20th Century History

The first half century, pre -World War ll

At the beginning of the century the small farms that were to become Greenwoods had been nearly cleared of trees except for the steepest slopes, and land that was too rocky or wet to cultivate. Even those inhospitable acres were usually cleared and pastured.

The four small family farms produced milk for the fluid milk market and supplied small local cheese factories. Cash crops were; a limited amount of timber, poultry and eggs, maple products and hops. It was subsistence farming yielding a healthy quality of life but little, if any profit. Labor was provided by family members earning minimal wages and/or a hired man who would typically get room and board plus as much as a dollar a day.

An ice pond provided ice to be stored in an icehouse insulated with layers of sawdust. The ice was used to cool down the evening’s milk in metal milk cans, that held up to eighty-five pounds of milk, until the morning run to the creamery. Water came out of a dug well and was pumped by hand. Some farms would have a spring located high enough to provide gravity flow to the house and farm buildings. Heat was provided by firewood.

Most farmers would raise a pig or two and butcher a steer or unproductive cow. Free range chickens provided eggs and meat and every farm had a vegetable garden. Greenwoods was devoid of most of the wildlife and birds that are so common today.. Deer were a rarity and bear, coyotes, beaver, and turkeys had all been trapped or killed. However, the most important reason for the loss of wildlife was that there was too little natural habitat left.

Teams of workhorses provided the power to pull the plows, harrows, planters, cultivators, wagons and logging equipment needed to work the land and the remaining forest.

In the early and mid 1930’s during the depression, federal assistance resulted in nearly one hundred acres of the poorest land being planted to Norway Spruce destined to become future timber.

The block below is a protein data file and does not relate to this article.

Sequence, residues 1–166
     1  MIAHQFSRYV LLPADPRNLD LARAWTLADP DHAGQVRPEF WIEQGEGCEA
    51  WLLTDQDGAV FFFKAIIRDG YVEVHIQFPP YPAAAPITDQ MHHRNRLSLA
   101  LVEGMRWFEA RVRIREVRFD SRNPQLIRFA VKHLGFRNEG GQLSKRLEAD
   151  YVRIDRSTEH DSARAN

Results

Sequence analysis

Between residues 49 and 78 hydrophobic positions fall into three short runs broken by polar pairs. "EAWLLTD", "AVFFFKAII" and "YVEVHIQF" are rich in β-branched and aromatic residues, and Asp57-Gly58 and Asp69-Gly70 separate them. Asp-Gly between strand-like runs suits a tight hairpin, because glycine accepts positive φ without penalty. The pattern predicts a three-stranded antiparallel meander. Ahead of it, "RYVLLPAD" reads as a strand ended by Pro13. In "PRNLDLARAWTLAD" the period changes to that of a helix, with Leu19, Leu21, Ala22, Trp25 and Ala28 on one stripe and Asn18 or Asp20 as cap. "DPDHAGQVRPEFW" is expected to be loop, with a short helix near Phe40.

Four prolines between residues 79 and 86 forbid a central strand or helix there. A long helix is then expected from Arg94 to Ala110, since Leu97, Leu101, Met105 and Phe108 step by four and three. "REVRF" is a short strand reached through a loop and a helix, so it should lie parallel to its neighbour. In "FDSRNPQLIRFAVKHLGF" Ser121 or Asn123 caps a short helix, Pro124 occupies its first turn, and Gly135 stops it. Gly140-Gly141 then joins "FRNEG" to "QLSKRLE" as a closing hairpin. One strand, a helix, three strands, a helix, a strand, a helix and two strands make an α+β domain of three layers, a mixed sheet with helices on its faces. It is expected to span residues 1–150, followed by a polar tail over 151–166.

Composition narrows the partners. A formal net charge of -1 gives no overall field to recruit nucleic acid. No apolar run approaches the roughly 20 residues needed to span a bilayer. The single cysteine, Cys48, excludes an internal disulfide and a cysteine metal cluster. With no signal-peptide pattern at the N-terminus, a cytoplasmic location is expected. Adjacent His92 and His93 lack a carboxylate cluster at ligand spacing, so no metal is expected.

The soils were thin, acidic, high in clay content, stony and at nearly 2000 feet elevation. It was poor soil for growing good crops and the more successful farmers lived elsewhere with better land.

The War Years and post World War ll

The REA (Rural Electrification Act) had been enacted and electricity arrived to the small farmer and rural homeowner. The electric light, telephone, radio, refrigeration, milking machine and sewing machine were suddenly an option and higher milk prices related to the war permitted their purchase. Better equipment and farm tractors became commonplace but at a terrible price, as many farmers had incurred debt to pay for the equipment, silos, and expensive milk tanks. That debt often forced family members to seek outside work to keep the farm “going”. Every farm on Greenwoods land ultimately failed, and the land was converted to timber and other uses. The last farm to fail was the Zachow farm in the late 1980’s.

Radio, the war, television and the movies had shown the young people an easier life that did not require milking cows morning and night and few returned to the farm. Free family labor was no longer an option.

As each farm failed, nature was permitted to reclaim the land so that today’s landscape and percentage of forest cover has begun to mimic that of two centuries earlier.

In 1973 the Peterson family purchased one of those farms and systematically began purchasing contiguous properties that impacted on the integrity and conservation value of the Cranberry Bog and Butternut Creek. The Greenwoods Conservancy had been launched.